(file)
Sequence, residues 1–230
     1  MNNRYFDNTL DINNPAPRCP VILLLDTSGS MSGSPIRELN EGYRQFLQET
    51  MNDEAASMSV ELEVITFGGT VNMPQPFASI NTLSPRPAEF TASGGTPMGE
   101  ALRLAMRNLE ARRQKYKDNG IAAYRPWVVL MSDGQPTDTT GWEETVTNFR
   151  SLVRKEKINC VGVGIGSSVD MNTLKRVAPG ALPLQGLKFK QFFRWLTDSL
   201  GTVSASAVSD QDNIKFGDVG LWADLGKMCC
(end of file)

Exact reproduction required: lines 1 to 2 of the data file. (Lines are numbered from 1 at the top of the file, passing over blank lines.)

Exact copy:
Sequence, residues 1–230
     1  MNNRYFDNTL DINNPAPRCP VILLLDTSGS MSGSPIRELN EGYRQFLQET